The Importance of Routine
Children, like adults, enjoy routine in their life.
When they cannot depend upon a routine or are interrupted by regular modifications, their behavior tends to reflect the routine - chaotic and inconsistent.
Occasional changes in routine are not a problem, but should be reserved for special events or holidays.
Young children, especially, have problems dealing with disruptions, so programs may limit visitors or trips.
Visitors need to be screened to assure age appropriate activities.
Many a teacher has been given a recommendation only to be sadly disappointed by a visitor's program.
Often times, guests may be skilled for an entirely different age group, not have enough supplies, or not provide an interesting activity for the majority of children.
What then is number one rule of thumb?
A good parent or educator knows what will or will not captivate their child or group of children.
They will preview the activity and make an evaluation.
On trips, young children are often uncomfortable.
The enthusiasm shared by elementary aged children on outings is often lost on young children who like routines and the reassurance that a familiar environment has to offer.
Unfamiliar sounds and noises can frighten young children.
Toddlers do not know what to do when a toilet is not readily available.
The recently toilet-trained child, who cannot wait, will be embarrassed to have an accident.
Such an incident can ruin their day, as well as the other children in the group.
Typically, the younger the child, the fewer the trips recommended.
Of course, one can overdo a routine when schedules are strictly adhered.
Rigidity in a schedule offers its own set of problems.
When an activity is especially engrossing or demands a few additional minutes, there usually will be no damage if the schedule is off a bit. Problems can result when children are regularly asked to stop work to engage in something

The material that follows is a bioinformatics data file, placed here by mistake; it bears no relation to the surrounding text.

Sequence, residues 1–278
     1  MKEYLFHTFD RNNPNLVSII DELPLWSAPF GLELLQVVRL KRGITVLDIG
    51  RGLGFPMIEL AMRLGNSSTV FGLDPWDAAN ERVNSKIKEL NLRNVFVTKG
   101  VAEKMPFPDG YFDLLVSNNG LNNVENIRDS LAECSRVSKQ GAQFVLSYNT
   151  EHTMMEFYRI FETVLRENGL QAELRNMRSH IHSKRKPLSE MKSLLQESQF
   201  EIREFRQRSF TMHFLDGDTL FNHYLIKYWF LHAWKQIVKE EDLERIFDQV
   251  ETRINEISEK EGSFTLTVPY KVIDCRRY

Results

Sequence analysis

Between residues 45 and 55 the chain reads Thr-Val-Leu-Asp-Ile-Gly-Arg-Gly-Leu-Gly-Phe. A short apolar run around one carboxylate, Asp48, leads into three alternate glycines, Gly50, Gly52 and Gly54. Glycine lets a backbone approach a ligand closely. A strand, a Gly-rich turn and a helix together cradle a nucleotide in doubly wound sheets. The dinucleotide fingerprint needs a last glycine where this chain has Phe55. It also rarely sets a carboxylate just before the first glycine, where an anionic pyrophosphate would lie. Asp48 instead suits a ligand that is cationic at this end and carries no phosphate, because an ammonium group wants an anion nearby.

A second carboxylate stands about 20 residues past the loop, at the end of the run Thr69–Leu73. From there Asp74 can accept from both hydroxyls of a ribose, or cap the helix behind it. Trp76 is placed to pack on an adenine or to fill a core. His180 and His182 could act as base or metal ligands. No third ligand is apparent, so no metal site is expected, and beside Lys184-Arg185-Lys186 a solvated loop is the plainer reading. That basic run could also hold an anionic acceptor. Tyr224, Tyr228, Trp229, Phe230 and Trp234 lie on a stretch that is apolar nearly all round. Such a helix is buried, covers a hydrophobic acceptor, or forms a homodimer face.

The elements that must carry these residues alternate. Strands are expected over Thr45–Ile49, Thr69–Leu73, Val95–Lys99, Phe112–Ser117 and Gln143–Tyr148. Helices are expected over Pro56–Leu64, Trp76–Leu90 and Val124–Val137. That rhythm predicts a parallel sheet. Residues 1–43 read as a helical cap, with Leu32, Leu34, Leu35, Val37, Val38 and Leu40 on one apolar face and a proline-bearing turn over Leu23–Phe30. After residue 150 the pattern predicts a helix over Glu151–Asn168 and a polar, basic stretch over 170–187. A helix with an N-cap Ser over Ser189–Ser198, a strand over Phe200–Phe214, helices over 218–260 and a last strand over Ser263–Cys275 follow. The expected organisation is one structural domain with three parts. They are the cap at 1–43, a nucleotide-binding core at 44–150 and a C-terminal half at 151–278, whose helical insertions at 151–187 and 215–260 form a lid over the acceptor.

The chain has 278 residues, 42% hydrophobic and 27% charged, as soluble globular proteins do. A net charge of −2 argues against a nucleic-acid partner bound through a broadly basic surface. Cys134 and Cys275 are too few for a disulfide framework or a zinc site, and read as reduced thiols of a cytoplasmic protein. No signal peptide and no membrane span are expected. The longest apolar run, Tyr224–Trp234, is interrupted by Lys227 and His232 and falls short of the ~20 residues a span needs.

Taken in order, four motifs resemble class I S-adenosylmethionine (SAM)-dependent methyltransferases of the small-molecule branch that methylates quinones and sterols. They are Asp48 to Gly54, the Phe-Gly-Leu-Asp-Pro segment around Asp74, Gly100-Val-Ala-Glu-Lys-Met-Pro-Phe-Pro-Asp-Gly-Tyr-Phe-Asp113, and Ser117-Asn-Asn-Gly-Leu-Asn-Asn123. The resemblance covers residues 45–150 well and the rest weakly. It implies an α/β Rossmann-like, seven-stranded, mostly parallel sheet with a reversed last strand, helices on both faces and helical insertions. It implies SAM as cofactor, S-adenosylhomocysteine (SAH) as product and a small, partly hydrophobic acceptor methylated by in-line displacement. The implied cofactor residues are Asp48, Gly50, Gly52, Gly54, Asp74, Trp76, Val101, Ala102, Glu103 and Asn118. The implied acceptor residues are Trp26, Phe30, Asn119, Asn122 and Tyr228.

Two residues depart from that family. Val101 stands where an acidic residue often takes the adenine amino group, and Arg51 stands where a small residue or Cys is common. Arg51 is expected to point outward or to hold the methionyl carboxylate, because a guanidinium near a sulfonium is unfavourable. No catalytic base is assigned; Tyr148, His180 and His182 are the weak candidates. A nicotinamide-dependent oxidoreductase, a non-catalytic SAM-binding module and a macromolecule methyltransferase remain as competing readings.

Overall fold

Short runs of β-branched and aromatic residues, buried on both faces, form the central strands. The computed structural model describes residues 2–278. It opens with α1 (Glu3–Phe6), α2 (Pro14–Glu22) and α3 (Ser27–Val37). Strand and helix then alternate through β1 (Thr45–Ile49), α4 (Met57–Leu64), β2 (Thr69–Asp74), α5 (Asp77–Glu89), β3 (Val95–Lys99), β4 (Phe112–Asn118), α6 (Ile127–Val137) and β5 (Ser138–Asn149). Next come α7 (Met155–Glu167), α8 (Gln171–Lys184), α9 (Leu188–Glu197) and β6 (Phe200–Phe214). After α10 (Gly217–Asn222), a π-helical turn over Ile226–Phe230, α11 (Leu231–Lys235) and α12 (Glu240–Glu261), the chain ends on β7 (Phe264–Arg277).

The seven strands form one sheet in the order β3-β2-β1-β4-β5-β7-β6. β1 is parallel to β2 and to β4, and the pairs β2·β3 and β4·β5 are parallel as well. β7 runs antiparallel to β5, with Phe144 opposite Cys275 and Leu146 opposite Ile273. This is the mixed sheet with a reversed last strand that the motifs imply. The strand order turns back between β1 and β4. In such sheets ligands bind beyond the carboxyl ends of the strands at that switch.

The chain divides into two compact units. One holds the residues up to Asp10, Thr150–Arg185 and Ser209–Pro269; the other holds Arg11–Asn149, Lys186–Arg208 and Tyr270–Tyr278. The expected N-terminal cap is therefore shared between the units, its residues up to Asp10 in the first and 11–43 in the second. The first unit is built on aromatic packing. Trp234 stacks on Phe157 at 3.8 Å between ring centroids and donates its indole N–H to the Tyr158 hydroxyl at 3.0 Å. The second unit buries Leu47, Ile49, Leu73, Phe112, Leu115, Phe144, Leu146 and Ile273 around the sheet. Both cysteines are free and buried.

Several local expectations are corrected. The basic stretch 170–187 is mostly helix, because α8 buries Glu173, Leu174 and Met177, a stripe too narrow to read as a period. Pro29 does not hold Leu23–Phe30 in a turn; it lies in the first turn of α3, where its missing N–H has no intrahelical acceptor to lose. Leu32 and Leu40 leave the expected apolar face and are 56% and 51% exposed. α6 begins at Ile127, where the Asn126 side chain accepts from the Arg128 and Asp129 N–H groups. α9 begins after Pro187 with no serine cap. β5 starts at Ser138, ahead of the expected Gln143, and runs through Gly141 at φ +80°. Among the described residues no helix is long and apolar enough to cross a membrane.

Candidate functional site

This can promote negative or destructive behavior.
To the rushed adult, a child's work can be disregarded as unimportant or fruitless.
The time they put into projects may seem minimal by adult standards and may lack the same level of importance.
When available, observe your child's "work" (i.e., coloring, drawing, and painting).
Watch their facial expressions.
Do they concentrate on their projects?
Ask them about what they have created and allow them time to share.
One will quickly find out just how serious this "work" thing is for a child.
When it is important to stick to a rigid schedule (i.e., event time, travel time, etc.), provide for transition time.
Warn the children in advance that it will soon be time to clean up.
Then, let them know when five minutes is left.
The "rule of three" can apply here.
Give them three notices and then be off.
Usually they are more than happy to comply.
No matter what the setting, positive routines should incorporate:
basic needs (food, water, toilet).
interesting, age-appropriate activities.
large motor activities (stretching, walking).
group and individual activities.
Parents may find it advisable to incorporate a timetable somewhat similar to that of their child's daycare or school environment.
Young children's metabolisms will be oriented to this schedule and will be hungry according to this schedule. Their body has become accustomed, often three or five days a week to this routine. On weekends, this might explain why
she or he is cranky at 11:00 (normally lunchtime at childcare) or naps in the car on the way to afternoon activities.
Perhaps a snack can be brought along to help avoid hunger pangs or activities be planned earlier in the day so everyone can actively participate.
Children need consistency in their daily routines.
Structured appropriately, a routine can help reinforce positive behaviors in children and minimize negative behaviors. Parents and other adults who participate in the life of a child need to keep the importance of routine in mind
when planning any event.
With a little planning and preparation, adults can assure outings and activities will be more enjoyable for all parties involved.
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